The Effect of Projection Microstereolithographic Fabricated Implant Geometry on Myocutaneous Revascularization
Journal of Surgical Research
Understanding cell behavior inside three-dimensional (3D) microenvironments with controlled spatial patterning of physical and biochemical factors could provide insight into the basic biology of tissue engraftment, vascular anastomosis, and revascularization. A simple layer by layer projection microstereolithography (PµSL) method was utilized to investigate the effects of a nonporous and porous bioinert barrier on myocutaneous flap engraftment and revascularization. A cranialbased,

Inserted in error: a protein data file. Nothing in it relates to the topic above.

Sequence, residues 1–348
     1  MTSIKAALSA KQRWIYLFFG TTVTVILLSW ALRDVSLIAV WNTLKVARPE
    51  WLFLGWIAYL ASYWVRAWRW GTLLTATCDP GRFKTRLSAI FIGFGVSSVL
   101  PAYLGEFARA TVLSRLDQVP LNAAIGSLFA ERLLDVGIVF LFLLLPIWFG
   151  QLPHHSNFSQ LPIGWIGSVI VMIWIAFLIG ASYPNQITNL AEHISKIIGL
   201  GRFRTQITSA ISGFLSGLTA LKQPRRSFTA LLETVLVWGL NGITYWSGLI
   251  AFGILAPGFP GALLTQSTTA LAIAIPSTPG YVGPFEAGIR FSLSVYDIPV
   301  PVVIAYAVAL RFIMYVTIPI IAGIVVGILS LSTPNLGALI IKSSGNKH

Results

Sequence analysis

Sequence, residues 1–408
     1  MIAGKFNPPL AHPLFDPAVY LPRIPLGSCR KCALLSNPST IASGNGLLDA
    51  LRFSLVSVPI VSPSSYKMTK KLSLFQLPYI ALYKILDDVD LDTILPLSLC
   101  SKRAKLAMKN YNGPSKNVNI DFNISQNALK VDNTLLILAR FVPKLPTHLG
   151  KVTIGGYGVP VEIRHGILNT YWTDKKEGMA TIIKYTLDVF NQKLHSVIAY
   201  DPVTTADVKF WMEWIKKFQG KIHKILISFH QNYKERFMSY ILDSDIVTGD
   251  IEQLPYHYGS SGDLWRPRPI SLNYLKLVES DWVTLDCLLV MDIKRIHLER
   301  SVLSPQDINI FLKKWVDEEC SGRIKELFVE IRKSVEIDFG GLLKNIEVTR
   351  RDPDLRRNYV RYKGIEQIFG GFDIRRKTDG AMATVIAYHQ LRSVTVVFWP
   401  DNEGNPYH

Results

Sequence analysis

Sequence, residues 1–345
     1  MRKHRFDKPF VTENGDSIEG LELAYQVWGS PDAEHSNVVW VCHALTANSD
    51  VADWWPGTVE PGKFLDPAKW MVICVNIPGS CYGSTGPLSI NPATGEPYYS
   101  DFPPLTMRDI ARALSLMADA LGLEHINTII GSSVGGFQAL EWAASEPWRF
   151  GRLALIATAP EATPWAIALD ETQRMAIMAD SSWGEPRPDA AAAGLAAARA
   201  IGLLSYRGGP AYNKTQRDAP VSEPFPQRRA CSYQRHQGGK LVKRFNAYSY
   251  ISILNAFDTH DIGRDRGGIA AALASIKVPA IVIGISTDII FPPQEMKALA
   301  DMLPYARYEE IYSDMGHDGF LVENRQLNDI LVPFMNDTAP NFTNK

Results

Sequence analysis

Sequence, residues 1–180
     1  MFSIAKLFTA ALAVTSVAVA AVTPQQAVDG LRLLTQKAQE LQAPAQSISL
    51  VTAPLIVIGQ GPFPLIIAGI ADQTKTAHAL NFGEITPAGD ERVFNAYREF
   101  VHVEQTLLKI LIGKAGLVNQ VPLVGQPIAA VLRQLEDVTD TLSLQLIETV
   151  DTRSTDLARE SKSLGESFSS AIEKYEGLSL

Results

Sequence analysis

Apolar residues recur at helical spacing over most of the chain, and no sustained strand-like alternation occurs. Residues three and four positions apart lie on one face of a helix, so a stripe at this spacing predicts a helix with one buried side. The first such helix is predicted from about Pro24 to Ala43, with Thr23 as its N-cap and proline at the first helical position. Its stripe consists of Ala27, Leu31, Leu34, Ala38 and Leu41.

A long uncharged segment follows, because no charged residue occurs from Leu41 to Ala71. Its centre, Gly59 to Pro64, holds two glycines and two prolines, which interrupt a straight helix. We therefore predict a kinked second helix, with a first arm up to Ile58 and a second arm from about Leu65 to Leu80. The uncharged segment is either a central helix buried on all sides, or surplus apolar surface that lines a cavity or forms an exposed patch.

... aped myocutaneous flap was surgically created on the dorsum of C57Bl6 mice. Porous (SP) and nonporous (S) silicone implants were tailored to precise flap dimensions and inserted between the flap and recipient bed prior to sutured wound closure. Porous implant myocutaneous flaps became engrafted to the recipient site with complete viability. In contrast, distal cutaneous necrosis and resultant flap dehiscence was evident by day 10 in nonporous implant flap mice. Laser speckle contrast imaging demonstrated flap revascularization in (SP) mice, and markedly reduced distal flap reperfusion in (S) mice. Histologic analysis of day 10 (SP) flaps revealed granulation tissue rich in blood vessels and macrophages growing through the implant pores and robust neovascularization of the distal flap. In contrast, the nonporous implant prevented tissue * Corresponding author. R. M. Clark et al. communication between recipient bed and flap with lack of bridging inflammatory cells and neovasculature and resultant distal tissue necrosis. We have fabricated porous and nonporous silicone implants via a simple and inexpensive technique of PµSL. Using a graded-ischemia wound healing model, we have shown that porous implants allowed contact between flap and recipient bed resulting in proximal flap arteriogenesis and neovascularization of the distal flap. Future research will utilize variations in implant pore size, spacing, and location to gain a better understanding of the cellular and molecular mechanisms responsible for myocutaneous flap engraftment, vascular anastomosis, and revascularization.